Constitutional Law

Cleric’s Appeal Challenges Spy Program


A Muslim cleric’s appeal of a terrorism conviction may represent the best chance of a federal appeals court ruling on the legality of a controversial wiretapping program.

Yassin M. Aref of Albany, N.Y., was convicted of supporting terrorism by helping launder money for a supposed terrorism plot that turned out to be a sting operation. Aref’s lawyers claim he was illegally wiretapped under a National Security Agency spy program, the New York Times reports.

The case doesn’t have the standing problems present in civil challenges to the National Security Agency spy program, the newspaper says. “The case may represent the best chance for an appellate ruling about the legality of the NSA program, which monitored the international communications of people in the United States without court approval,” the newspaper says.

A federal judge has issued a classified ruling in the case denying a defense request to see classified documents about the NSA surveillance program. The case is now pending before the New York City-based 2nd U.S. Circuit Court of Appeals.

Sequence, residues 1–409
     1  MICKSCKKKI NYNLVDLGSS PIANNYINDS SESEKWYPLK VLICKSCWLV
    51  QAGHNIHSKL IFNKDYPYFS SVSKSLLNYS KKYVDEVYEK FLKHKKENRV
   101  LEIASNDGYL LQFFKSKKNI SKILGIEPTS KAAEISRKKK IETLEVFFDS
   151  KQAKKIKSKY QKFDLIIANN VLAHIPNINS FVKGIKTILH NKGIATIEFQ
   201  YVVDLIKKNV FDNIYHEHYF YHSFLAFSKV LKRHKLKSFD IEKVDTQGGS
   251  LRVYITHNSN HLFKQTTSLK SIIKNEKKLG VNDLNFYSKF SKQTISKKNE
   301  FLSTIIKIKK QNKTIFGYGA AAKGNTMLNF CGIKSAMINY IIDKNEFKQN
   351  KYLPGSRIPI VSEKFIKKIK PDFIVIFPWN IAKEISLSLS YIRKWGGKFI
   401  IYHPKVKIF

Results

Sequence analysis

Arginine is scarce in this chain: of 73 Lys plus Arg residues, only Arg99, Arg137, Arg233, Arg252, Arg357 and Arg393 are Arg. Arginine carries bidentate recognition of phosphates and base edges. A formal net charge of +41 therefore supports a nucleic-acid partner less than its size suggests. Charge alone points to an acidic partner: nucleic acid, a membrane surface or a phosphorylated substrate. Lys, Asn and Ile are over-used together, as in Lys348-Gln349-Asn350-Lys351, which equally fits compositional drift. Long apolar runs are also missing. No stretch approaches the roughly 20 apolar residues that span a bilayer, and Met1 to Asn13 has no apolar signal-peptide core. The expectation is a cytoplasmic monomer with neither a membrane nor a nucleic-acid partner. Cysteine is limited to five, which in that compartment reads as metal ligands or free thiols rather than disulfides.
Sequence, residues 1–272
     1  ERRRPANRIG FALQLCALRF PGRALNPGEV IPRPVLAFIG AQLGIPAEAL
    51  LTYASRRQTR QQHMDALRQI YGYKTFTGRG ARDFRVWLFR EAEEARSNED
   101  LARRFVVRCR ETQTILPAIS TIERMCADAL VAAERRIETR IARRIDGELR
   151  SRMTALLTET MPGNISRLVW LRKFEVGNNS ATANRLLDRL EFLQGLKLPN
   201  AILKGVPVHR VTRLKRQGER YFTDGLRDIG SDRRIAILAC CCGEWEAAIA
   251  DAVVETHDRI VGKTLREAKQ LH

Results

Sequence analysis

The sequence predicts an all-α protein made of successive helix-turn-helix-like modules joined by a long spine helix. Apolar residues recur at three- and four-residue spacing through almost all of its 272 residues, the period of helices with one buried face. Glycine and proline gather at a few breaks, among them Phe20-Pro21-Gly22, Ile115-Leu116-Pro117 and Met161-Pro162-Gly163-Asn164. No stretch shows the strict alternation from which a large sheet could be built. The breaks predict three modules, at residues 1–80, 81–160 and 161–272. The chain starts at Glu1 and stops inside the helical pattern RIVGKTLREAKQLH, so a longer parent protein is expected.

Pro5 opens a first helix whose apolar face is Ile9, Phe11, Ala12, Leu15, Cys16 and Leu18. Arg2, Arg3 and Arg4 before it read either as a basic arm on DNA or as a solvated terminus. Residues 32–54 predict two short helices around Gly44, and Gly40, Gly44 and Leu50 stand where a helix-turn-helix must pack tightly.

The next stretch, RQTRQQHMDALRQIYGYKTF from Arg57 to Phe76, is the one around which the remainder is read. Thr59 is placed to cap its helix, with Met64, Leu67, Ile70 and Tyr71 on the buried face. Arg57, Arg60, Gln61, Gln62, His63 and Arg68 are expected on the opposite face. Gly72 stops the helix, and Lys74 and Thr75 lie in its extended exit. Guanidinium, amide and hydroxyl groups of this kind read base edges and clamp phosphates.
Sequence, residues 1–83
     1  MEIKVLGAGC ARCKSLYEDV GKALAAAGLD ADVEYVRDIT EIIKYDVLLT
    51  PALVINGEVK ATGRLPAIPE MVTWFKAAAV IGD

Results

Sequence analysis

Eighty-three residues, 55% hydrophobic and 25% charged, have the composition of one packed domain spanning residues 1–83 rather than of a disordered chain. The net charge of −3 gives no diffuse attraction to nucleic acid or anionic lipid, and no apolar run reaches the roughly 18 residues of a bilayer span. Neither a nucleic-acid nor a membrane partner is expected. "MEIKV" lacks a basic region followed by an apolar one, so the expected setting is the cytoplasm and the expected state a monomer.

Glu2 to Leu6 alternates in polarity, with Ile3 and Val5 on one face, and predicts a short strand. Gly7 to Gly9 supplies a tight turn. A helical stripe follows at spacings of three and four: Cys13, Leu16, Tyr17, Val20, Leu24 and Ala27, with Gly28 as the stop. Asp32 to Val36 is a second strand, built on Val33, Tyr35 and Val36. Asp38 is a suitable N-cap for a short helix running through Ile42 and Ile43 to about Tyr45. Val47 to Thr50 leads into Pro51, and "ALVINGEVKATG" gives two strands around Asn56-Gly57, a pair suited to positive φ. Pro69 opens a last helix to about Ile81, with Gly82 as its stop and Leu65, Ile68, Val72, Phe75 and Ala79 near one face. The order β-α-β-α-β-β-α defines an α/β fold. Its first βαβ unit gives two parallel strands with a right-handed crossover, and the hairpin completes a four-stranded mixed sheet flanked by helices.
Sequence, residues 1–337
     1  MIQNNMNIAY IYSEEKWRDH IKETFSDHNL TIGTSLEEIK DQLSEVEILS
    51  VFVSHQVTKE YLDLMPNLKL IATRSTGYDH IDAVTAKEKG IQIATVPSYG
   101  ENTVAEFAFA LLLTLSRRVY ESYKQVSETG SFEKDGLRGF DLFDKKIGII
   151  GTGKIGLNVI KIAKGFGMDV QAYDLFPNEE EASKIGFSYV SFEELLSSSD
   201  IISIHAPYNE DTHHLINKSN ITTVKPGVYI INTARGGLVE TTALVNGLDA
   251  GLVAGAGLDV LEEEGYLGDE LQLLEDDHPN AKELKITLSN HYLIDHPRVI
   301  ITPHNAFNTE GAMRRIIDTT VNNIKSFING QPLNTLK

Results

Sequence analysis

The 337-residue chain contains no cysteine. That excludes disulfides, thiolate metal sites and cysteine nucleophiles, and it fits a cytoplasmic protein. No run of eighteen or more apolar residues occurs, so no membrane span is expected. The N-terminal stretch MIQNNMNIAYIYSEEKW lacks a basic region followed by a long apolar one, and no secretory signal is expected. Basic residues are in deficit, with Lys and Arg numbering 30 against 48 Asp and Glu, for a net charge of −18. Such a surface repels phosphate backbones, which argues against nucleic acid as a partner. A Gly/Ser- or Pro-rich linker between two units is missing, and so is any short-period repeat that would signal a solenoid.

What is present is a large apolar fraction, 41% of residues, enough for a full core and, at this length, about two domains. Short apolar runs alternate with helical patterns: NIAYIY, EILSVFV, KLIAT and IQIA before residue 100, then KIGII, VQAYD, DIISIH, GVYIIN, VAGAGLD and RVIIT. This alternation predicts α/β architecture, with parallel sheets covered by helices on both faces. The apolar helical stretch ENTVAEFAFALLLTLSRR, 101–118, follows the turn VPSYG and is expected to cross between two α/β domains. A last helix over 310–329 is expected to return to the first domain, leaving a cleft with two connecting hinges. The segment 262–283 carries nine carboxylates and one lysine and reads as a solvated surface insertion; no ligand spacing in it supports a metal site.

Corey Stoughton, a lawyer with the New York Civil Liberties Union, said “dodges” available to the government in civil cases may not be present in Aref’s appeal. “This case might be able to put this issue to the test,” she told the newspaper.

The San Francisco-based 9th U.S. Circuit Court of Appeals is considering standing issues in two consolidated civil appeals challenging terrorism surveillance tactics. The Cincinnati-based 6th U.S. Circuit Court of Appeals dismissed a different civil case on standing grounds last month.

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